Fruits Basket (2019)

4 out of 5

Directed by: Yoshihide Ibata

covers season 1

Even without knowing all of the names for the various anime subgenres, once you’ve dipped your toes in the waters for a bit and gotten over the shock of how many shows there are, you’ll start to see some of the common groupings, and that those groupings extend to even those shows considered classics.  So once you’ve taste-tested some mecha, some magical girl, isekai, etc., it makes it easier to zero in on stuff to your liking.  Still, some outliers will linger; some “you’ve got to try this” examples that don’t seem quite in your ballpark.  And for me, Fruits Basket fell into that, though admittedly more for the manga than the original anime.  Even way back when I had no desire to get involve with anime or manga, I remember how popular the series seemed, and how it seemed to carry a respectable emotional context for people.  The covers never quite drew me in, though, and so I let it pass by.

Come 2019, when I’m more actively reading / watching this stuff, and a new Fruits Basket anime starts, claimed to be more faithful to the source material than the former version.  I didn’t have any expectations at this point – for better or worse – so it seemed to be a good time to give it a go.

Student Tohru Honda, perpetually positive – despite being orphaned, homeless, and working multiple jobs to scrape by – is taken in by the Soma family, or rather by three of its members, all male: Kyo, Yuki, and the elder Shigure.  This could certainly spell romance (and started to clarify the reasons for what I considered to be a largely male following of the material), but we’re somewhat set off that course by an amusing wrinkle: the Soma family are possessed by spirits of The Zodiac, and turn into their (generally cute) animal counterparts when they’re stressed out, or, rather inconveniently, when they’re hugged by members of the opposite sex.

And, uh, that’s kinda it.  Episode by episode, this would-be romcom gives us another member of the Soma family, or expands on the background of one of Tohru’s two school friends, Arisa and Saki, and then teaches them a life lesson thanks to Tohru hugging them.  And… it’s excellent.  I offer the background above to couch this in that none of this sounds like it would be appealing to me.  The cutesiness; the tear-jerking drama; the day-in-the-life storytelling that has no real stakes or goal: not a bit of that makes my list of things I like to see in my anime.  But so, so often – if not every episode – Fruits Basket uses its own disarming setup to dig that much deeper, and dance around what would normally be the focus of such things (flirting with boys!  hugging little kitties and puppies!) to actually get pretty dark at moments, replacing a quest- or mystery-centric momentum with the richness of its characters, and respectfulness of its writing.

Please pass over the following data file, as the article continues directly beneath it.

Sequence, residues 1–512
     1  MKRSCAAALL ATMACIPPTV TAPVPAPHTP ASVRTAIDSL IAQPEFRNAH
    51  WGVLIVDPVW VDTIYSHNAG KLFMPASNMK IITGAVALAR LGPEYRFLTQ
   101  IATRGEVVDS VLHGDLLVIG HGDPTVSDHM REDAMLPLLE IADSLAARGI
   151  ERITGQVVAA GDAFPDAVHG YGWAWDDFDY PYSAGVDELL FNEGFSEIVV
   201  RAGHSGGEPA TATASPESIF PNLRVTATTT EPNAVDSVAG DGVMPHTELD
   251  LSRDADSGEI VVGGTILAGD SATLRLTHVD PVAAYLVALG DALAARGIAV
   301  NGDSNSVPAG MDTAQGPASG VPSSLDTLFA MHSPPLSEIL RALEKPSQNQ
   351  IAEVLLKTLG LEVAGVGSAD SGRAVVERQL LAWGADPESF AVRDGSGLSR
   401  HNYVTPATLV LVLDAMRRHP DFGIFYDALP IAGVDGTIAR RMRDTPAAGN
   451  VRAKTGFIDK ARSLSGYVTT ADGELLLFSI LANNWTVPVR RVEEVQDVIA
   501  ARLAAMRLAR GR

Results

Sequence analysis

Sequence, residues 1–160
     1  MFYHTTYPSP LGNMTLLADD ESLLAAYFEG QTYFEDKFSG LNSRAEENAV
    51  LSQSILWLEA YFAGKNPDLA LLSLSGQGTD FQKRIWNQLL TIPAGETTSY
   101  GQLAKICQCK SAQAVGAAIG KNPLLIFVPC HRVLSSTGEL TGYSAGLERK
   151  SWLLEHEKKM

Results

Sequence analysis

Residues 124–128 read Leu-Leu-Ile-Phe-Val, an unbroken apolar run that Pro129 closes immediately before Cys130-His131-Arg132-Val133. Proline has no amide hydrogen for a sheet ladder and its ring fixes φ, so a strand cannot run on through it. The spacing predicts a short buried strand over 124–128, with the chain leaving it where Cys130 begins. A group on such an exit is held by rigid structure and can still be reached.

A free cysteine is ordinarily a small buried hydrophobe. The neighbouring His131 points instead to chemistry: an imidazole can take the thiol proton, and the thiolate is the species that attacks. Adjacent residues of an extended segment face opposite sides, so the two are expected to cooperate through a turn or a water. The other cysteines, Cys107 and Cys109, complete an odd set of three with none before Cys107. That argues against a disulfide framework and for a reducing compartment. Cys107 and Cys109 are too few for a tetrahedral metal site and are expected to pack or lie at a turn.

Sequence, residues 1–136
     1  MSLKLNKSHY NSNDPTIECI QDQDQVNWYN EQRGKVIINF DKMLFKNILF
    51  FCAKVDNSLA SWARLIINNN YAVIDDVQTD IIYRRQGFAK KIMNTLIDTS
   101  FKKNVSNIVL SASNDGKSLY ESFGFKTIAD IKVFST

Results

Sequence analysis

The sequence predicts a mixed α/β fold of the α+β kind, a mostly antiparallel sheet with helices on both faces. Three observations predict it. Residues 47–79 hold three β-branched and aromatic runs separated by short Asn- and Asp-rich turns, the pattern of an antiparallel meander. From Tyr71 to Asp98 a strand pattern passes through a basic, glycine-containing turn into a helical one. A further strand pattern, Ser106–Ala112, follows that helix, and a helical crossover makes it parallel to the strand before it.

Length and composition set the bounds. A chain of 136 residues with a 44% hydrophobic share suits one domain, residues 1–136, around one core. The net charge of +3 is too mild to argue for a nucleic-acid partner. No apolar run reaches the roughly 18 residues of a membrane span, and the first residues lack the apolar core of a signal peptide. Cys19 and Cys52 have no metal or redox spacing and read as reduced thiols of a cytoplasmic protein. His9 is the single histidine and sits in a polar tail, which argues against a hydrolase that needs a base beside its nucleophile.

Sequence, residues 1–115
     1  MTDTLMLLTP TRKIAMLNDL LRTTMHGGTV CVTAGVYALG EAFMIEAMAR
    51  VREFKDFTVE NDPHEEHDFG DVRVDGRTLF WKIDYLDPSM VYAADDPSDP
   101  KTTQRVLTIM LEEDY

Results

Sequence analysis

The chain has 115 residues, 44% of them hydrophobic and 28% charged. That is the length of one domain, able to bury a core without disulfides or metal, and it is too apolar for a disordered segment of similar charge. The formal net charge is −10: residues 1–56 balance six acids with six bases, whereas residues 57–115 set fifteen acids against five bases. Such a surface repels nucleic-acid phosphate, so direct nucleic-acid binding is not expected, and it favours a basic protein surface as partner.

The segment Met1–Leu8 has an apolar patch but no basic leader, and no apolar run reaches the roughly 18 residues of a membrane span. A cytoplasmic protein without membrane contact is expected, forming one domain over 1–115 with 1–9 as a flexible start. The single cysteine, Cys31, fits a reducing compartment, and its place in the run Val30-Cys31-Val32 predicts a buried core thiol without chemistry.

Frequently, the show starts going down a particular avenue that makes me wish we could get back to a character or storyline I preferred, only to manage to add that new focus to the list of things I want to watch.  And there is romance in there, but it’s mature, and arrived at patiently, and not just because people giggle at one another and the boys look good without a shirt.  But it also satisfies on a very basic level of entertainment because of how ace the timing is, and how fluid TMS/8PAN’s animation is, and how funny it is.  All of that is rather tied together: TMS is obviously a powerhouse of popular shows, but Fruits Basket looks next level for them, lacking in the slight stiffness of many of their shows, and with excellently employed chibi and exaggerations to nail some of the slapstick or situational humor.  To that latter point, writer Taku Kishimoto seemingly latched on to the key understanding that it’s best to juxtapose emotional highs and lows, such that a devastating moment can be back up with an honest laugh that cuts through the tears, or the hovering seriousness of a situation is offset by the bickering / interplay amongst the Soma family.

To achieve all of this, though, setting aside the fantasy element, Fruits Basket chooses to prop up Tohru as this wholly good character, and completely insecure – constantly apologizing – to a fault.  Some characters call her out on it, but it’s more often that her 100% innocence is what helps everyone else grow; meanwhile, she never seems to change much herself.  Without trying to spoil the series much for myself, browsing through future storylines suggests that this might change, and that the week-by-week episodic nature of the show might be stretching out this ‘phase’ of her personality, but there are definitely points where you want her to have shown she’s learned or evolved a bit from what’s gone on thus far.

However, when she hugs a cute bunny in the next scene and the writing gut punches you with another life lesson, then makes you laugh out loud a few moments later, you sort of love her – and Fruits Basket – all the same.